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Kiwi web series Pot Luck's themes find universal attraction

Writer-director Ness Simons says her lesbian web series has universal themes: “Friendship, finding love, dealing with ageing parents.”

Ness Simons has turned her love of pot-luck dinners into a globally popular web series.

Ness Simons needs a nap. “Scratch that: I need a long camping trip off the grid.”

In August, she took 15 days off her full-time job as head tutor at the New Zealand Film & Television School in Wellington to shoot the second series of her web series Pot Luck, and since then survived on six hours’ sleep a night to finish it. The six episodes, totalling 90 minutes, went live on December 10. It was then Simons, 39, could take that nap.

Pot Luck is a “dramedy” about three 30- and 40-something lesbian friends, and their attempts to stick to a pact made at their weekly pot-luck dinner. Player Mel (Nikki Si’ulepa) agrees to sleep solo until lovelorn Debs (Anji Kreft) gets a date, while Beth (Tess Jamieson-Karaha) promises to come out to her mum.

The series is a rock-solid partnership between writer-director Simons, who is gay, and producer Robin Murphy, who is not. “It’s come out of my head creatively,” Simons says, “but I can only do it because Robin is a sounding board, makes things happen and irons out any niggles, often before they happen.”

Murphy, who’s based in Hawke’s Bay but often works in Wellington, met Simons at a New Zealand Film Commission do, and both fancied making a web series. First up was Active in Hell, a 2013 documentary web series following three intellectually disabled young people taking part in a work-training initiative by IHC and Hell Pizza. Simons decided a fictionalised web series was next. “And is there anything more lesbian than a pot-luck dinner?”

The three stars of Pot Luck, from left: Mel (Nikki Si’ulepa), Debs (Anji Kreft) and Beth (Tess Jamieson-Karaha).

She has mixed feelings, however, about the promotional tagline: “New Zealand’s first lesbian web series.”

“We have an acceptance [of being gay] generally in society but it’s often surface-level,” she says. “I wanted queer people to see a reflection of their lives, but Pot Luck’s also about showing the characters aren’t just lesbians. It has universal themes: friendship, finding love, dealing with ageing parents.”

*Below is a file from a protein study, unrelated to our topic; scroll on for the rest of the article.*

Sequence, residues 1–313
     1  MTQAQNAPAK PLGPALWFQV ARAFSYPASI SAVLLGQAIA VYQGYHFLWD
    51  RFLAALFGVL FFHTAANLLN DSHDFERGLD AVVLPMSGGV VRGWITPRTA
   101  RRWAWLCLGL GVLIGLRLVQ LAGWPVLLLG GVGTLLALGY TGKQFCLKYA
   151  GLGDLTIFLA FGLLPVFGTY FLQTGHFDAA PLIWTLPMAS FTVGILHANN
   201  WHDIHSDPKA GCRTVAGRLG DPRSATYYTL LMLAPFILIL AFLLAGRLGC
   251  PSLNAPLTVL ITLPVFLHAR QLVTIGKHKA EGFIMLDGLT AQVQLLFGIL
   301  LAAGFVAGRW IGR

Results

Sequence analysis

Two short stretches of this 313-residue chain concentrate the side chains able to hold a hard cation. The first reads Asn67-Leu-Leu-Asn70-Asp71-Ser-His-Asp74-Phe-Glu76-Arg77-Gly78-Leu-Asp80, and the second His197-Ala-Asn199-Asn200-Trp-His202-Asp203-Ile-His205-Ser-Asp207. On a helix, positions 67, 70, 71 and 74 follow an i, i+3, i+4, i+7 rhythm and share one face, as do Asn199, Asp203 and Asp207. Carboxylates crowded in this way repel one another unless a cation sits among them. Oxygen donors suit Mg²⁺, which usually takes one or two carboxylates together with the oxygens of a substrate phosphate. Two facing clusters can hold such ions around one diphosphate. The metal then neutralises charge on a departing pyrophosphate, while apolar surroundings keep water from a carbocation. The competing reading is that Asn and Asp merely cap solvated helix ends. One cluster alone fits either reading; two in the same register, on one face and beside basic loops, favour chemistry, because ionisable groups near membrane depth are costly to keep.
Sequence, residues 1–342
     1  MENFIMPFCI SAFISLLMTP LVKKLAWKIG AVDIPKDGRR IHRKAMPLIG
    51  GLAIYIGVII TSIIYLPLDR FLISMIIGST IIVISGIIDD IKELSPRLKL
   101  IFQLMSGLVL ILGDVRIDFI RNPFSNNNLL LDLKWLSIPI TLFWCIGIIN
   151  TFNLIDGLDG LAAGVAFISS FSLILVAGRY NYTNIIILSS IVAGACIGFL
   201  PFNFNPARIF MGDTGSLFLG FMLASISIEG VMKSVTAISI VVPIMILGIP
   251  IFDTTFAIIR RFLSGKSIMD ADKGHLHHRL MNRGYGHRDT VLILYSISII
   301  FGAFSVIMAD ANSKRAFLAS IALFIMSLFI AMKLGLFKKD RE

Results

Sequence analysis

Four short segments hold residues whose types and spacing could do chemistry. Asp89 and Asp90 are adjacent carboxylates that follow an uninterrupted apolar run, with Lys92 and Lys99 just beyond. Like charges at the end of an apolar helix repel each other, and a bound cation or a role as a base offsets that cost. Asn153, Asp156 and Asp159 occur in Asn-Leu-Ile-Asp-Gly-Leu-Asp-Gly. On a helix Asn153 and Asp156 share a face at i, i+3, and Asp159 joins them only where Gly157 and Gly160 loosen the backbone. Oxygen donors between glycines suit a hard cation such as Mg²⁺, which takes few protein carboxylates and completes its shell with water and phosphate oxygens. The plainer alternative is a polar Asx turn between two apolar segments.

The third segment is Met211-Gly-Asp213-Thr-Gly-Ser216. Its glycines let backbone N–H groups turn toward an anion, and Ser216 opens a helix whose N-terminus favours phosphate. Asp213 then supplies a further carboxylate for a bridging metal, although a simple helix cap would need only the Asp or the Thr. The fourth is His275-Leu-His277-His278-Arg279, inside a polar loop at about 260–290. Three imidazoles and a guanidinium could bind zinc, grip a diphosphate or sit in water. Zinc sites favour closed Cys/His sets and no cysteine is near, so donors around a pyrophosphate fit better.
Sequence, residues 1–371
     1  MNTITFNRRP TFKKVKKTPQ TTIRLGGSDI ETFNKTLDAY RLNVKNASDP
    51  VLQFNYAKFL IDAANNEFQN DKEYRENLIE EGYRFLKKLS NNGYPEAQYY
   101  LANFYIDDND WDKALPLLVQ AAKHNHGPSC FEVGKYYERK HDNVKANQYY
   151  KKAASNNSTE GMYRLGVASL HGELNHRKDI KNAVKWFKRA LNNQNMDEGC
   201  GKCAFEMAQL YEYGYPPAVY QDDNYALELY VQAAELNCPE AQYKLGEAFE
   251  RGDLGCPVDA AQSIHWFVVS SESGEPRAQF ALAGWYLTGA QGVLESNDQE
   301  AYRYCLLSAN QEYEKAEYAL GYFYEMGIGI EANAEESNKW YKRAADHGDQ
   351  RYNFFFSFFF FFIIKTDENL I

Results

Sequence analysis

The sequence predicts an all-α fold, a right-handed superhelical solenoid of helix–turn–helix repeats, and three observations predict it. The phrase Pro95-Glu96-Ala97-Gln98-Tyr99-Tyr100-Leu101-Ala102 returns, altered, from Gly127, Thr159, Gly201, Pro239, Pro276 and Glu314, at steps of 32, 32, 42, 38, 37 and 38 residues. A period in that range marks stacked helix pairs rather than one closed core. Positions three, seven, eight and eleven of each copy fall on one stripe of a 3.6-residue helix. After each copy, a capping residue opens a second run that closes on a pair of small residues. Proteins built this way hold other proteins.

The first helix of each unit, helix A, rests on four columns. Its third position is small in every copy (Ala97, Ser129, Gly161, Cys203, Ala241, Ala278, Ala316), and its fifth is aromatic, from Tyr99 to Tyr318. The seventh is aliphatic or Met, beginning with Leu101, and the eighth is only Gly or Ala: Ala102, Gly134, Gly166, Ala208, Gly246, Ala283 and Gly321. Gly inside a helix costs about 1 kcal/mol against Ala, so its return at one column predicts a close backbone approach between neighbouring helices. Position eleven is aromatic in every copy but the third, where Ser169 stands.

With Simons’ regular collaborators Pikihuia Haenga (director of photography) and Jules Lovelock (first assistant director) on board, Pot Luck’s first season was shot on a skeletal budget ($22,500 crowdfunding, plus small grants from Wellington City Council, the Emerging Artists Trust and Hell Pizza). Local businesses provided in-kind support including equipment, car rentals and accommodation.

Released in mid-2016, Pot Luck exceeded everyone’s expectations. So far, it’s clocked up 2.5 million unique views, and has shown (and won prizes) at local and international web-series festivals. With fans clamouring for more, NZ On Air’s Digital Fund granted the project $100,000, which paid cast and crew (albeit at discounted rates); this was topped up with crowdfunding, small grants and, again, support from local businesses.

Hell’s sponsorship is no accident. Aged 23, Simon decided the timing wasn’t right for film school and she could do with some business experience. She worked in the pizza chain’s original Kelburn store, then opened one franchise and bought another, selling up six years later to do the one-year course at film school. “Then I crewed on sets, made short film Actually Alex, and made music and corporate videos.” She got the tutoring job a year ago, and also teaches scriptwriting online through Whitireia.

Simons, who lives at Waikanae Beach, has never underestimated the difficulty of building a career in this industry. But she’s got grit.

“At one point, Actually Alex was in a US festival, Pot Luck was playing at DubWebFest in Ireland, and I thought, ‘This is small fry, but something’s going right.’ And this is exactly what I want to do with my life.” 

This was published in the January 2018 issue of North & South.